With a few hundred bison parts attracting blowflies in their camp, Mann and Groves awaited a helicopter they had called to transport the bison to somewhere safer.

Shortly after their find, on a satellite phone they tried to contact archaeologist Mike Kunz, their longtime collaborator at the Bureau of Land Management. Kunz is interested in the ancient Paleoindians that once lived on Alaska’s North Slope and what might have caused both them and bison to disappear about 10,000 years ago. Bad weather kept Kunz pinned down at the archaeological site he was digging several hundred miles away, but a helicopter arrived near Mann and Groves and transported Bison Bob to a North Slope BLM camp. There, someone put the bones in a predator-proof case.

Bison Bob was soon on a flight to Fairbanks, where he now resides in a freezer at a temperature similar to the bluff in which he was entombed. Bison Bob was so well preserved, Groves and Mann think, because the bison probably got caught in quicksand 40,000 years ago. The river buried Bison Bob, and there he remained, his body becoming permafrost. Groves and Mann happened to float by just as Bison Bob was coming out of the crumbling bluff for the first time.

“It was a total fluke,” Mann said. “If we came by two days later, a landslide would have buried him.”

Familiar in cave drawings in Spain and France, the steppe bison lived during the ice age in Alaska on a grassy landscape with mammoth, musk oxen, horse, caribou, lions, wolves and two species of bears. Bison Bob was a Bison priscus, which evolved into the buffalo we know today, though Bison Bob and his kind were more than one foot taller at the shoulder and 25 percent bigger.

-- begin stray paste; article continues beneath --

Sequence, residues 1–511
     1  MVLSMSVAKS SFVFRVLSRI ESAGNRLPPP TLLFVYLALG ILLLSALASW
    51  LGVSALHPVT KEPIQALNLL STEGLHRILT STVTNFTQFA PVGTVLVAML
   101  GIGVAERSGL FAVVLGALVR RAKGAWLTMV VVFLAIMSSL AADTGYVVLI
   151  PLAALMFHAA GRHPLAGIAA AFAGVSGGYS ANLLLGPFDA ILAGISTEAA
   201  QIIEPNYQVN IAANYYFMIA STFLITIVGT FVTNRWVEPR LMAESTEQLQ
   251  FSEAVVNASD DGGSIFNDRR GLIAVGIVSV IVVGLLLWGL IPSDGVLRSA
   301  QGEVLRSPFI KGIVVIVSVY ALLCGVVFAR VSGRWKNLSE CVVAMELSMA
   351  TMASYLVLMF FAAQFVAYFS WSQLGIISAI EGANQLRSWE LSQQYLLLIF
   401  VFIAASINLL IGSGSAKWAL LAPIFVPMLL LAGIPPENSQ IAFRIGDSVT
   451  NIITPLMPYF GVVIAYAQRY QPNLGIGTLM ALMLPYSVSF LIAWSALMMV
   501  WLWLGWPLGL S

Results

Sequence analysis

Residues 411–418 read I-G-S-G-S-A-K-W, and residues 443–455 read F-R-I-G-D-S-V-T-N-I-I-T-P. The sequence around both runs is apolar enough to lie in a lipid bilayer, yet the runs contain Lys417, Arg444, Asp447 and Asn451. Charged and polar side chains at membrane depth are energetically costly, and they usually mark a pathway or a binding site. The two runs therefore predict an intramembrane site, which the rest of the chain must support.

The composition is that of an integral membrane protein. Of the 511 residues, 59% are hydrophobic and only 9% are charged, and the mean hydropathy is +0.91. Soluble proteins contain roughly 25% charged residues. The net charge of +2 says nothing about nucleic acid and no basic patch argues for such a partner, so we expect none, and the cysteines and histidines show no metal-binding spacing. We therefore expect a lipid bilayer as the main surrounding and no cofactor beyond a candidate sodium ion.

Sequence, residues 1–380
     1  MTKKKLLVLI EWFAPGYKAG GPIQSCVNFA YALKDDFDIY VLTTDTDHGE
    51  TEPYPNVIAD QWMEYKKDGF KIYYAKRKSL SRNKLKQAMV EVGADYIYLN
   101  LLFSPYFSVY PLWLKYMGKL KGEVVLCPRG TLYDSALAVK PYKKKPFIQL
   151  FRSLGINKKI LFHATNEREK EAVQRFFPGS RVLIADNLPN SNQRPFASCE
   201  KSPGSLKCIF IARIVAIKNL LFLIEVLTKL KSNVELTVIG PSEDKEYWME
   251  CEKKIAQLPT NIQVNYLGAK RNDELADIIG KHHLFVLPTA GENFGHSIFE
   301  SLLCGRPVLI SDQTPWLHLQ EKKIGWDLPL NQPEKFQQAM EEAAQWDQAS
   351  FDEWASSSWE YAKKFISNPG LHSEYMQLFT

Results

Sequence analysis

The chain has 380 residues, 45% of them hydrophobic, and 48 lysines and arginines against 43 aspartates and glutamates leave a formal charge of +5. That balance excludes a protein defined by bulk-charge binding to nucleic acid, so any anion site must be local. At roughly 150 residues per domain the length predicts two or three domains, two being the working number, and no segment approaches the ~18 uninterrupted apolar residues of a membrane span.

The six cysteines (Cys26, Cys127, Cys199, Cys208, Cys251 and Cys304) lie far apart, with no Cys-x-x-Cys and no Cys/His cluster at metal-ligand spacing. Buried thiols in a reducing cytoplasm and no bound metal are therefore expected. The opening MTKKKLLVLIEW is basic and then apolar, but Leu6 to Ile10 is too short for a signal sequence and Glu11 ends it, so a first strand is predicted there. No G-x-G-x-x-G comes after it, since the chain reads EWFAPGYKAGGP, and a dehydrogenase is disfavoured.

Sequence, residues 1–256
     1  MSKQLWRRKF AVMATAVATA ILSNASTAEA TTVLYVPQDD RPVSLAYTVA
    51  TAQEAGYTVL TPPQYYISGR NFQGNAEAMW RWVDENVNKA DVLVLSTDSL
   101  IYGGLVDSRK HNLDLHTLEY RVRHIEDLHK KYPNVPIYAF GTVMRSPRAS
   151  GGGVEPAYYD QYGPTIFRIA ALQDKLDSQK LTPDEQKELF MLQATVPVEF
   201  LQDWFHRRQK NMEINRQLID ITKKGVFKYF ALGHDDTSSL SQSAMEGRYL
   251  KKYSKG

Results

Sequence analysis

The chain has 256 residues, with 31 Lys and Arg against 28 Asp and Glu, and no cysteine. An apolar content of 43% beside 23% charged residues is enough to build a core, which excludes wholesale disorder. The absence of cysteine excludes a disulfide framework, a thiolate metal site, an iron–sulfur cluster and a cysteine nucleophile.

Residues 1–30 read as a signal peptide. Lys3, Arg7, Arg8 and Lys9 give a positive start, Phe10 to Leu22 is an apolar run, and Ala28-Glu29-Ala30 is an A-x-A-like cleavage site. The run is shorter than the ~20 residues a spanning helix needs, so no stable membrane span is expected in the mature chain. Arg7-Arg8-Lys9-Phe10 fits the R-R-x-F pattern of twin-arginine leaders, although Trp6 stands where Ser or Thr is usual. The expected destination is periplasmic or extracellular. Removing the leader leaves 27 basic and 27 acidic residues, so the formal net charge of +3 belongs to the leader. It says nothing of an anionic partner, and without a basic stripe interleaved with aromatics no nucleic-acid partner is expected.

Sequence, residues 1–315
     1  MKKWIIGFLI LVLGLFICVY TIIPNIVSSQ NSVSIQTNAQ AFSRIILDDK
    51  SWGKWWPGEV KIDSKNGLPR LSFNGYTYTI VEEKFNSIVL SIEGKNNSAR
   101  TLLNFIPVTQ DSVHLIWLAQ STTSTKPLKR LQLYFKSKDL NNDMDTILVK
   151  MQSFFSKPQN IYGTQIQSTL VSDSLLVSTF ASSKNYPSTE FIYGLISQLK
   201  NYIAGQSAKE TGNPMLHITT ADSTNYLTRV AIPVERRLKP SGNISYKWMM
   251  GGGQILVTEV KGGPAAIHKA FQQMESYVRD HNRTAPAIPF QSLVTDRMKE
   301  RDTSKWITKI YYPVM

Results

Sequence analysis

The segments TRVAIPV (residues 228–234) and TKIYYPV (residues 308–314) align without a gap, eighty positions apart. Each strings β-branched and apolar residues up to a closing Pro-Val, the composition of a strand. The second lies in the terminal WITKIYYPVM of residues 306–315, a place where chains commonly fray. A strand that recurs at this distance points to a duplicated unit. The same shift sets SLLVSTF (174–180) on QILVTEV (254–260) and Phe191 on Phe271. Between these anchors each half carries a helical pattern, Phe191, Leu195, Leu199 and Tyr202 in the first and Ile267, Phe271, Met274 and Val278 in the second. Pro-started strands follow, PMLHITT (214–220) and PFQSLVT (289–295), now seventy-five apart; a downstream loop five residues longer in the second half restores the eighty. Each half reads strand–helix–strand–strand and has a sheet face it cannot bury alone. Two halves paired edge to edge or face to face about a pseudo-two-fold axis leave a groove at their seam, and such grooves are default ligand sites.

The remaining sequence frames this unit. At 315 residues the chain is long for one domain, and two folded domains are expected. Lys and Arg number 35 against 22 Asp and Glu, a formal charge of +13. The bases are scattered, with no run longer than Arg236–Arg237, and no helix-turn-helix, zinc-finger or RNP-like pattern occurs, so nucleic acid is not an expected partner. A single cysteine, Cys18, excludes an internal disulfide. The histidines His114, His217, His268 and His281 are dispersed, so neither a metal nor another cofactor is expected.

Though researchers and miners have found other steppe bison in Alaska — most notably Blue Babe, displayed at the UA Museum of the North — Bison Bob stands apart for the completeness of the skeleton (a lion had killed Blue Babe, and other animals scavenged the carcass, which was missing its pelvis and parts of its legs).

“This is the kind of thing we’ve always dreamed about finding,” Groves said. “There’s a lot of information you can get from an entire skeleton: Because he had hair on you can tell what colors he was; with teeth and horn sheaths and hooves you can do isotope analysis to tell what he was eating and how his diet may have changed over the course of a year. You even might be able to tell if he went south into the Brooks Range during the winter.”

The fleshy parts of Bison Bob will be useful to learn more detailed information about Bison Bob, Mann said.

“It’s got exquisite DNA in it,” Mann said.

When the researchers have finished with much of their analysis of Bison Bob, Groves said she would like to make casts of his bones and reassemble them for a display at the UA Museum of the North.

“Then people can see what a big bison looked like,” she said.

• Since the late 1970s, the University of Alaska Fairbanks’ Geophysical Institute has provided this column free in cooperation with the UAF research community. Ned Rozell is a science writer for the Geophysical Institute.